Vasiliki Mylonopoulou grew up in Thessaloniki, Greece, but for the last three years she lived in Umeå, Sweden, and just recently moved to Oulu, Finland. She is dyslexic, but this didn’t prevent her from beginning an academic career. She enjoys long walks, music, board games and also speaks Greek, Swedish and English and is currently trying to learn French.
What is your educational background?
I studied Computer Engineering at Alexander Technological Educational Institute of Thessaloniki.When I finished my studies, I realised that it is not enough to create a program, application, webpage etc and that you need to take in account the person who uses it. As such, I wanted to study Human-Computer Interaction (HCI). I finished my masters in HCI at Umeå University and after looking for a job in Sweden for a year, I finally found a job in Finland. Now, I am doing my PhD at the University of Oulu.
When did you find out that you were dyslexic?
That was long ago… officially when I went to be tested at fifth grade.
What are you working on at the moment? How difficult or challenging it is for a dyslexic student to be doing a PhD?
I am one of the 15 Early Stage Researchers (ESR) of the CHESS program (http://www.chessitn.eu/). We will be trained to be health specialists in different domains. My area is to find out how to present the relation between the data of an individual to that of others in order to cause behaviour change towards a healthier lifestyle.
How difficult it is… well, I knew that it would be difficult because I have a lot of friends who are doing or did, their PhDs. In general, is not only the work but also the psychological problems that a person who is doing a PhD may have. It is not rare in academia, people to have problems on writing, for example or questioning themselves, their abilities etc, even if that, stays hidden. That is for people without dyslexia. The same eligibility questions I referred above are in my mind too, but with a different background. For example, when you grew up hearing, at least up to a certain age, that you will drop out of school in high school, probably you have a little bit more insecurities than a common PhD student. The solution is to have good friends and family next to you, talk a lot with your supervisor(s) and other PhD students to see that you are on the right track and you are not alone. That helps you relax and carry on.
What are the provisions for dyslexic students in Sweden? Have they changed at all with the years?
I have not lived in Sweden that long to know how it was before. However, I know that the test to see if a child has any learning disability is done by the school in the primary years and there was a discussion to make this test in earlier years. In the university there is a person responsible to see what facilitation is needed if you have any kind of disability. As a dyslectic you can choose between the following as far as I remember:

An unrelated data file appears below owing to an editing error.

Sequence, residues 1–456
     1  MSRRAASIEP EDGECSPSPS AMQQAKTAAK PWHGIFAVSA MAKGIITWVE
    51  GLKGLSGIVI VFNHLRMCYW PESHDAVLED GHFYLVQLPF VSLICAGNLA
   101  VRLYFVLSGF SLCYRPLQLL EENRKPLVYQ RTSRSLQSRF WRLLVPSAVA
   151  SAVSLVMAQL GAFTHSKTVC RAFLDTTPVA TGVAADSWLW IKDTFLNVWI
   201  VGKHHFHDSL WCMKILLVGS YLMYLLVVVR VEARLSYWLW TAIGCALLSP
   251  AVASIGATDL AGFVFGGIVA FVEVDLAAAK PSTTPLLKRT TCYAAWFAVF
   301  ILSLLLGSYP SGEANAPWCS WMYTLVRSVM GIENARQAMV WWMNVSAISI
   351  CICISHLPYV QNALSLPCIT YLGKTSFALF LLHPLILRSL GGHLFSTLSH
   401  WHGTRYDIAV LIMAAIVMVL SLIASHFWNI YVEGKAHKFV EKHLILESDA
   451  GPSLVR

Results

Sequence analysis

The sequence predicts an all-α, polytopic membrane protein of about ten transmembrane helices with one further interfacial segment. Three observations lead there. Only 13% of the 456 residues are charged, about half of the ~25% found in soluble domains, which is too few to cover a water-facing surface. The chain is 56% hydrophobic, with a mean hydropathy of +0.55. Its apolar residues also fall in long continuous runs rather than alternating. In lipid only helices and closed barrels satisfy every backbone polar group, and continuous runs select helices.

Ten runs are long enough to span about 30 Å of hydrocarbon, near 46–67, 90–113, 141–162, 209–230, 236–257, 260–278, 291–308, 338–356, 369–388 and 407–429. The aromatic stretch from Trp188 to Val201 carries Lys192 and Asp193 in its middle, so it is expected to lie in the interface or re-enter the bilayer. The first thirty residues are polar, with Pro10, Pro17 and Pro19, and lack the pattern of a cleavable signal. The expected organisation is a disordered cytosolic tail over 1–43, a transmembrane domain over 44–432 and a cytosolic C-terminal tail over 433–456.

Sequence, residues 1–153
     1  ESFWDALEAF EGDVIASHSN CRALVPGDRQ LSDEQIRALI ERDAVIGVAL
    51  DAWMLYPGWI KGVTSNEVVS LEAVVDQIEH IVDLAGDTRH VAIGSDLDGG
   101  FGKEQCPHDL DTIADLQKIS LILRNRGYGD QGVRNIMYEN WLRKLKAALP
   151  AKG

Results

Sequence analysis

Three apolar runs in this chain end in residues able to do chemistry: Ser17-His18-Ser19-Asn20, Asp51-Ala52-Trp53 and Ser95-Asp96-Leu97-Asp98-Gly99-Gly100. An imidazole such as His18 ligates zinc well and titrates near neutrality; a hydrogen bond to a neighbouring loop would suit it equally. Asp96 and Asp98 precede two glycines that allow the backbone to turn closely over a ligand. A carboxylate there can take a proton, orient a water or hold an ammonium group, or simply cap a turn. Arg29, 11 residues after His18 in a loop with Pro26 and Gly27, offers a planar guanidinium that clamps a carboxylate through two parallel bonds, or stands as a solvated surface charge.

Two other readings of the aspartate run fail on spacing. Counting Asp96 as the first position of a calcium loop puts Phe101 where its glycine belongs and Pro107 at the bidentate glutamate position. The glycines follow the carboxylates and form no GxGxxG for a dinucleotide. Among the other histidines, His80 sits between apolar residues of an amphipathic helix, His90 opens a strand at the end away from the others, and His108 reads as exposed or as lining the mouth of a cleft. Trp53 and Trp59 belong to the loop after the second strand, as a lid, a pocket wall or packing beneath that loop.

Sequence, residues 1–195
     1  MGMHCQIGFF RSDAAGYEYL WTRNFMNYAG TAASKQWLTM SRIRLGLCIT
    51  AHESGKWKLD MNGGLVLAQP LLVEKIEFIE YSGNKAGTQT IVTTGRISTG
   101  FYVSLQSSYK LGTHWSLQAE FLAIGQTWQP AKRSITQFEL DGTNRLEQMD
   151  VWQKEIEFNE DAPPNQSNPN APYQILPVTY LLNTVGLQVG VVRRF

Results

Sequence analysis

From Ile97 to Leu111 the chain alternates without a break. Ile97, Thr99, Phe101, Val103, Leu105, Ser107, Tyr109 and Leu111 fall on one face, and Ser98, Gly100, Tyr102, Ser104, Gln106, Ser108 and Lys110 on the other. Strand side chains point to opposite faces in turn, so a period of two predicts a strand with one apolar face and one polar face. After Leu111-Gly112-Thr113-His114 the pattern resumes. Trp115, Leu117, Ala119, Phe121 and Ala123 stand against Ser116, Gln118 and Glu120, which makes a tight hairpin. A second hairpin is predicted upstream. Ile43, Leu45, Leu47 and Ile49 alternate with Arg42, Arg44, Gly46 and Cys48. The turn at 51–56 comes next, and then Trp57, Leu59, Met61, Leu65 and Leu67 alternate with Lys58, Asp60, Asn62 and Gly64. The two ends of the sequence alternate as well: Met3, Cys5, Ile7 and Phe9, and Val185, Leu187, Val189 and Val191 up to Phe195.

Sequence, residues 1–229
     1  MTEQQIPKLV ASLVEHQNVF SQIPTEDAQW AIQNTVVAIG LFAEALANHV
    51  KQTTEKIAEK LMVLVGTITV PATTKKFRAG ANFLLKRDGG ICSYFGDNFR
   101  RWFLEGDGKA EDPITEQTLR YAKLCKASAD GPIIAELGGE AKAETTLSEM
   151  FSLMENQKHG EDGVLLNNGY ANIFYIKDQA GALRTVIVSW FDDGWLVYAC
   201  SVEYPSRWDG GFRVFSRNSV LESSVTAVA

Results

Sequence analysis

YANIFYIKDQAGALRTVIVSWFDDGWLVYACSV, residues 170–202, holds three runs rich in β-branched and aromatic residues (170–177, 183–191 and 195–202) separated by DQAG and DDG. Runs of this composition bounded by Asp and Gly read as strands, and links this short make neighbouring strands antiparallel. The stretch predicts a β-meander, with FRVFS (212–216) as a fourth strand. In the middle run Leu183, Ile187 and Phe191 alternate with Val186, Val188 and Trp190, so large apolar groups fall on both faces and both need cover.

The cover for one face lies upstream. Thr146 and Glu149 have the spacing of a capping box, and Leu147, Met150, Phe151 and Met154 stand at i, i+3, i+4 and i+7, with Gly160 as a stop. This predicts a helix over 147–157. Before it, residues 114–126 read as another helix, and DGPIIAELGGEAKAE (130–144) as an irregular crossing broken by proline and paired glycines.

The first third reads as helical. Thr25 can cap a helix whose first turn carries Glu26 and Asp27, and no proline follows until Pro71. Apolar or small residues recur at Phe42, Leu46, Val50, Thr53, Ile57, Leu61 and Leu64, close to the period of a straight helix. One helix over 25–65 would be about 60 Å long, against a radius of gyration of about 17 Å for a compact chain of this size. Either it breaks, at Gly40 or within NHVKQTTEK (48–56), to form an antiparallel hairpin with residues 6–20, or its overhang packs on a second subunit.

Note-taking: to have a classmate take notes for you. If you can not follow the lecture and take notes at the same time. This classmate is getting paid by the university to do that.
Talking books: CDs or MP3s of the course literature you follow read and recorded by people.
Mentor: a person who helps you plan and organise your studies.
Support in classes and lectures: to be able to record the lecture, ask the teacher’s presentation in advance, extra time in exams, oral exams etc
Computer support and services in the Resource Lab: a place with small rooms, usually with one to four computers that has some programs that may help on reading and writing. That programs were in Swedish.
How did you find 3asyR? What do you think makes it stand out?
It is a really useful tool that has room for improvement. I installed it to my personal and work computer and I have suggested it to dyslectic friends. The thing that makes it stand out is that it is simple and ubiquitous. You can activate and deactivate it in two clicks and it is always there on your browser. Personally I skipped all the text I could not make text-to-speech but now I started reading it with the help of 3asyR.
What are your future plans?
I stop doing plans. I had some and the time just changed them really much so… my short term plans is to finish this PhD and learn French. I also wish to find a way to get involved more on subjects around dyslexia but I am still looking how.
What advice would you give to a dyslexic student that is just starting their studies?
Nice question. Well, dyslexia is not a problem if you have the proper support. So I suppose that my advice is fight for your rights. If you are a dyslexic, search what are your rights (in your school, country, continent, world etc) and ask for them. Do not look at them as favours. Looking at them as a favour is like thinking that blind people are being favoured because they use white canes. The second and most important advice is chose to study what YOU want. Do not think where you will succeed based on dyslexia, but based on your skills and personal criteria.